for family members, especially partners, to learn as much as possible
about the disease. The best way to do this is to accompany the IC
patient to as many doctor appointments as possible. There is nothing
scarier than the unknown. If a partner learns about the disease and
knows the doctors the IC patient sees, the disease is easier to cope
with and accept. I remember early on feeling very relieved when a
doctor told us that the disease does not always get worse as the patient
There is another
good reason for a spouse or partner to also go to the doctor. There
are still too many uneducated nurses and doctors out there. It should
not be this way, but it just is. A spouse or partner can verify what
the IC sufferer is going through. For example, when I go with Gaye
to a new doctor it seems as if she is taken more seriously.
We all need to be advocates.
It is also important
for us as partners to learn as much as possible about the medications
and the side effects that can occur. Helping Gaye, by accompanying
her to the doctor and learning about her medications, also makes me
feel better and more in control.
Dealing With Your Feelings
and especially partners, have many conflicting feelings surrounding
IC. We love the person. We want to help the person feel better physically,
and feel better about her or himself. Yet, we still feel helpless.
No matter what we try to do, the person is still in pain and still
has to go to the bathroom all of the time. When we get angry, we can
also feel guilty about getting angry.
All of these emotions
are natural, and they will occur. This does not mean that people with
these emotions are not good people. Acknowledging these emotions is
an important first step. It's also important to bring these feelings
out in the open. Covering them up or keeping them inside may mean
that they will come out in inappropriate ways, like kicking a door.
How do we as partners
see ourselves within a relationship? In my experience, dealing with
IC has caused my wife and I to take on distinct roles in our relationship:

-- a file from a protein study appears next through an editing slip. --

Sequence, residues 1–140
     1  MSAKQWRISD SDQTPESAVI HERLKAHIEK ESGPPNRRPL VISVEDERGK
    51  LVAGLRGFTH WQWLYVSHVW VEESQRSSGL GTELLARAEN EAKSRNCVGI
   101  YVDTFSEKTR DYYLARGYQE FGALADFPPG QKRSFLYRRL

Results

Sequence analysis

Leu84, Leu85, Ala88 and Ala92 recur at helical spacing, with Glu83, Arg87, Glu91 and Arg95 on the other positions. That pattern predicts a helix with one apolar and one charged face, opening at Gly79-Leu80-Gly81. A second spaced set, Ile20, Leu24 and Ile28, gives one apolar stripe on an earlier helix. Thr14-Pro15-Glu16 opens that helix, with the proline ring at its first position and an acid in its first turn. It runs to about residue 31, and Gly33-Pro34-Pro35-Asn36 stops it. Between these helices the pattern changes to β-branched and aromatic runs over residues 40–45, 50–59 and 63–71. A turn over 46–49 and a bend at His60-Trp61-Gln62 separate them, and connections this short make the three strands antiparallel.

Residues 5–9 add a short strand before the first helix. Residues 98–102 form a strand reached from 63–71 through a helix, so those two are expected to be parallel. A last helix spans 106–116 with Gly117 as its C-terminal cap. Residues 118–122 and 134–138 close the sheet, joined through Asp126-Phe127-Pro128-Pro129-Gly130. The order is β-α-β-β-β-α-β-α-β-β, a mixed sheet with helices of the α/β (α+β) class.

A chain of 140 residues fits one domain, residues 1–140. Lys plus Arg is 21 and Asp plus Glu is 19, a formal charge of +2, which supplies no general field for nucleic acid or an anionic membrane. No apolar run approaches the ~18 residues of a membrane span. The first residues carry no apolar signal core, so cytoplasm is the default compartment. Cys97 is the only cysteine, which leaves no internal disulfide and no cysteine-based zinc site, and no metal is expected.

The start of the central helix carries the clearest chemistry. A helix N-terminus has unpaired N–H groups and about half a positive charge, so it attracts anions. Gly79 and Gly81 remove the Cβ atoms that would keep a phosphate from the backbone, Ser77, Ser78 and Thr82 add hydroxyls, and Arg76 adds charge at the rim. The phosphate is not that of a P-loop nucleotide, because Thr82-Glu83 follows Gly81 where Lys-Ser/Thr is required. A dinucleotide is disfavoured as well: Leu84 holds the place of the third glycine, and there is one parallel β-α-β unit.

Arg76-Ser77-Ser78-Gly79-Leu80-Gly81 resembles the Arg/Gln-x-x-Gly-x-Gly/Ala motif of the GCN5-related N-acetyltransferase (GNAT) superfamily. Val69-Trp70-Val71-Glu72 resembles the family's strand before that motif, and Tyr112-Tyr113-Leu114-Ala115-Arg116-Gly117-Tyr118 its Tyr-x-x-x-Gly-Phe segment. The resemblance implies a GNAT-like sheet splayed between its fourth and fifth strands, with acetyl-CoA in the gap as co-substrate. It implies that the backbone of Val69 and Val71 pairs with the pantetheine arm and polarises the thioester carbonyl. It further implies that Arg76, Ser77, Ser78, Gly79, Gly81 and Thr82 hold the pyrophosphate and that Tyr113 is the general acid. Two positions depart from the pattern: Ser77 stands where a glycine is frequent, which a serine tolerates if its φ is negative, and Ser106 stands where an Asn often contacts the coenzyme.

1. CAREGIVER - My role at times
2. PATIENT - Gaye's role
3. BLADDER - Gaye's role
4. VICTIM - Gaye's role
5. RESCUER - My role. The rescuer role can lead to dependence on the
partner, and a lack of self- esteem and confidence in the patient
6. PERSECUTER - Gaye sometimes sees me in this role.
It is important
that we do not see ourselves or our partners in such rigid ways. I
know that Gaye is much more than a bladder, and that I am much more
than a caregiver. At one time, I got so caught up in taking care of
Gaye's bladder that I almost forgot about her other needs and positive
attributes. I also became so concerned and protective of her that
I lost my sense of spontaneity.
I believe that
both the IC patient and the spouse have to find ways to make themselves
more independent of each other, when possible. I have had to learn
that I can still have a good day on weekends when my wife is in a
flare-up. I can still watch my sports or go to a movie with friends.
I am lucky because Gaye encourages me to do this. I know that when
we get too intertwined with each other, too dependent on each other,
big problems can occur.
is an author and IC patient & support group leader who has
been involved in IC work for years. In 1990 she published "Stretch
Into a Better Shape" and produced a stretching and exercise
video for IC patients in 1993. She is a specialist in Aston-Patterning
movement and muscle re-education.
over ten years of clinical and health care management position.
He is currently the Administrator of Maison Hospitaliere, located
in New Orleans. Andrew holds a Ph.D. in Special Education, a
M.A. of Health Adminstration, M.A. of Clinical Psychology.